World Vision PNG also conducted rapid assessments in five hard-hit provinces in the PNG's Highlands.

Contact World Vision Papua New Guinea HERE.


Uniting World used emergency funds to provide a drought impact assessment to assist their partner the United Church in Papua New Guinea (UCPNG) best respond to affected communities: “As ever our partners UCPNG are resilient and proactive, and taking the lead in what is proving to be one of their greatest challenges yet”.

“We will assist our partner to develop a response plan that complements that of the PNG National Disaster Office.” 

UnitingWorld’s Emergency Contingency Fund will be used to support UCPNG’s program, directly assisting communities throughout drought affected areas.

Donate to Uniting World Emergency Contingency Fund HERE.


The Red Cross has assessed the needs of people living in areas severely affected by the El Niño climate cycle. They have been helping families to protect their health by boiling the water they collect and teaching handwashing practices. Red Cross volunteers also provided locals with practical tips to cope with the drought.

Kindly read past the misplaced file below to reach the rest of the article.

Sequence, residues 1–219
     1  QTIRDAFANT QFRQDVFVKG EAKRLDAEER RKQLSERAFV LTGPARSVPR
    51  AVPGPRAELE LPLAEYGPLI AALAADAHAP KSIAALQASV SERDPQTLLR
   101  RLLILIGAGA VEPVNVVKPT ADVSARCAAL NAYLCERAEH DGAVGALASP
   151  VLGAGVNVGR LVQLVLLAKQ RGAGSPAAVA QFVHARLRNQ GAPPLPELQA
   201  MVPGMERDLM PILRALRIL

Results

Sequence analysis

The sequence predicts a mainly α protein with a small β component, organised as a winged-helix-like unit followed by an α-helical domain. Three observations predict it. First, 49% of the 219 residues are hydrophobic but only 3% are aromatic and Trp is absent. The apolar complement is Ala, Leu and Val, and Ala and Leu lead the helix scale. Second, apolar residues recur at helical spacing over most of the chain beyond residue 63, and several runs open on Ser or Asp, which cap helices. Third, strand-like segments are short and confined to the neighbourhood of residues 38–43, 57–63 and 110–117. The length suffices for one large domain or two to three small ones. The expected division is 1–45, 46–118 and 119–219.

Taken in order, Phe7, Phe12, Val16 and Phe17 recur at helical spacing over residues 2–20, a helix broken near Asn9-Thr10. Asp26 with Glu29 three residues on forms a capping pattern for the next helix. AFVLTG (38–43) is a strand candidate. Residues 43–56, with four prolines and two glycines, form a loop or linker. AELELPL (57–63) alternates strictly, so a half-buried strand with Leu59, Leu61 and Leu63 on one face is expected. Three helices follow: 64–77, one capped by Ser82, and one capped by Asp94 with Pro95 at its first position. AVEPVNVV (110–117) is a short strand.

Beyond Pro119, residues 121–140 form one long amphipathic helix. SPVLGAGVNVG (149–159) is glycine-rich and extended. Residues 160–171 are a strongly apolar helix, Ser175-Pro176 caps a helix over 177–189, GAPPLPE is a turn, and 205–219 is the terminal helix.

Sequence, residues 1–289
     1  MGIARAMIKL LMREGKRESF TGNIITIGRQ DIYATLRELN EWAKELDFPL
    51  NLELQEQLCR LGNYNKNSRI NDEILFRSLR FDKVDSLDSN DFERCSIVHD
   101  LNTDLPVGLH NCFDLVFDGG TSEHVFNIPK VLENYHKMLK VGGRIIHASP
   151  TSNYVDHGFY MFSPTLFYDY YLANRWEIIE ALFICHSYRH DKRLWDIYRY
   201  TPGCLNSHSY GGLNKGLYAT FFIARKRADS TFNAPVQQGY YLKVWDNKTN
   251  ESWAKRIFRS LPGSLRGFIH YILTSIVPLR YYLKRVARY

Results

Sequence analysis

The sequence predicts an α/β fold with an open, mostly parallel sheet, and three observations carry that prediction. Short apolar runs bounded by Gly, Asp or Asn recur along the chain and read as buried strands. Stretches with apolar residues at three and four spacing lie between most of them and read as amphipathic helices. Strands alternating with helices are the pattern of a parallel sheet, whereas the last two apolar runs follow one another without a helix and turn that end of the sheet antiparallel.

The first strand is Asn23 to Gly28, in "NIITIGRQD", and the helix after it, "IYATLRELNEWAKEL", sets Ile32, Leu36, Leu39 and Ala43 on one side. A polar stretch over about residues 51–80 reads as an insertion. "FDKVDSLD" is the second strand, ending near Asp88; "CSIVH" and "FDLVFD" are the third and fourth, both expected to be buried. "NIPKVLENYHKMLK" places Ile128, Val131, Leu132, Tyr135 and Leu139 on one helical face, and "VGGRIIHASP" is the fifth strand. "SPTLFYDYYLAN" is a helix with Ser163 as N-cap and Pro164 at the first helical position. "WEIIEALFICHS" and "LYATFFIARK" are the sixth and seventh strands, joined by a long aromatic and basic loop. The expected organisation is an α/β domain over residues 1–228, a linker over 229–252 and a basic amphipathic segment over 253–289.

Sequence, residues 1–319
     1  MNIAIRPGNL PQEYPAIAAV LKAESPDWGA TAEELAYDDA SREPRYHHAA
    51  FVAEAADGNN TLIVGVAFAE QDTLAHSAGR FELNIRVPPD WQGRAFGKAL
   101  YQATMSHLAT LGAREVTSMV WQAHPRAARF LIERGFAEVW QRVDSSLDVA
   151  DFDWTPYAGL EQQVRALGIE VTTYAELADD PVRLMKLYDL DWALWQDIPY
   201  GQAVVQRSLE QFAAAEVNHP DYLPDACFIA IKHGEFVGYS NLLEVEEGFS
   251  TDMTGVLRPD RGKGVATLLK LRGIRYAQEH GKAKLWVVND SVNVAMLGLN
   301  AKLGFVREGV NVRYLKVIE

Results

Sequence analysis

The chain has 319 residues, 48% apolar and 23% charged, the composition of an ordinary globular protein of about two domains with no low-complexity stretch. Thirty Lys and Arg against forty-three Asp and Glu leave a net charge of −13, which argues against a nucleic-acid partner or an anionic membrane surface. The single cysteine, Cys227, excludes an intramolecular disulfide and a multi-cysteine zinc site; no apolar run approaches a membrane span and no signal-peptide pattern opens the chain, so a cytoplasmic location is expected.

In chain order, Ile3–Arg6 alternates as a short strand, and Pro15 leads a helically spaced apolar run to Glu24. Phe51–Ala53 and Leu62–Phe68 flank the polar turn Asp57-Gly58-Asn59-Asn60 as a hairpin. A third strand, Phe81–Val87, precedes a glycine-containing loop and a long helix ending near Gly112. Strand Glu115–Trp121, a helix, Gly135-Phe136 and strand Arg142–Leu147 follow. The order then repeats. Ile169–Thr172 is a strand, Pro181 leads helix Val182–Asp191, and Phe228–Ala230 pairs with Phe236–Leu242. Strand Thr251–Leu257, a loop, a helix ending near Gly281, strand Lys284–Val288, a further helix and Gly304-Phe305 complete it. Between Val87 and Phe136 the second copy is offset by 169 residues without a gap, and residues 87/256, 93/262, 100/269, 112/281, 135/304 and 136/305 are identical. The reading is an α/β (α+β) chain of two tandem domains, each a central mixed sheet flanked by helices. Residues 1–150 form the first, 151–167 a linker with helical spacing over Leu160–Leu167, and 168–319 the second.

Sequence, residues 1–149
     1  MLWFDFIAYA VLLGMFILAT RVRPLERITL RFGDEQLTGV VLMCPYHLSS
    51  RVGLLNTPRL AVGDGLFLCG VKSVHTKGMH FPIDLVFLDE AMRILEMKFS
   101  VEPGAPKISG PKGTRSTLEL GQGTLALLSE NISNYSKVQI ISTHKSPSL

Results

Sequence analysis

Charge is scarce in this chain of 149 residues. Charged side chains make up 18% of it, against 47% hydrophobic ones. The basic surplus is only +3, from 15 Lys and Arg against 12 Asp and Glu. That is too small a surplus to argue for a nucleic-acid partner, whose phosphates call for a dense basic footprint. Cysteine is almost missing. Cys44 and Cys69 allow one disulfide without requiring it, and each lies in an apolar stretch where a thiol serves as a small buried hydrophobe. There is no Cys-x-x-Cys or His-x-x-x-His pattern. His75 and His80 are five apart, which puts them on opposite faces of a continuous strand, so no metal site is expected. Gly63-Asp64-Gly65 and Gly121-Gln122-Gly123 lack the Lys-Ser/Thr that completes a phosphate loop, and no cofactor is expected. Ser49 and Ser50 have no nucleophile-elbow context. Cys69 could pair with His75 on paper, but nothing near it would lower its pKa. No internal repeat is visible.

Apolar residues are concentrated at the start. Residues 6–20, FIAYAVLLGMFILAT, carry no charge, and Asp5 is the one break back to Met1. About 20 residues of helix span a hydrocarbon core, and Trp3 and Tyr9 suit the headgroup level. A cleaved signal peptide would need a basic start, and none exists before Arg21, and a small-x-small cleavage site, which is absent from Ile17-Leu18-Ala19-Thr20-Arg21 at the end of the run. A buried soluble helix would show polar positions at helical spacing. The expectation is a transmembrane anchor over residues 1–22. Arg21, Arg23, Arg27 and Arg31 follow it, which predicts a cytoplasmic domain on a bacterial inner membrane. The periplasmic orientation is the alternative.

Red Cross has been working with the World Food Program and the National Disaster Centre to carry out food distributions to affected communities, and has provided jerry cans for immediate water storage and hygiene kits.

“Every donation we receive for our Disaster Response and Recovery work helps Australian Red Cross continue to be there for local and international communities struggling in the wake of a disaster.”

Donate to the Red Cross HERE.

Find out how to get in touch with Red Cross PNG to volunteer or assist HERE


OXFAM is supporting PNG communities to remain resilient to drought through water, sanitation, hygiene, and livelihoods assistance, as well as an emphasis on awareness raising and public health messaging to support good hygiene practices. They're continuing to monitor the situation closely and coordinate with the PNG Government at national and provincial levels, as well as partners and other NGOs on the ground, to ensure there are effective overall preparedness measures.

Donate to OXFAM HERE.



WORDS by Pauline Vetuna.

All photos by 'Famine Relief Supplies for Remote areas PNG' on Facebook here.

Image 1: men carrying donated rice bags.

Image 2: Elderly couple from Igimi village.

Image 3: Rice bags storage.

Image 4: A child, Sibafi, drinking with help.

Image 5: Donated hydration tablets.

Image 6: A mother holding a donated 10kg bag, which will be shared by 14 people.

Image 7: Elderly lady, very thin & weak, who walked hours to an empty market.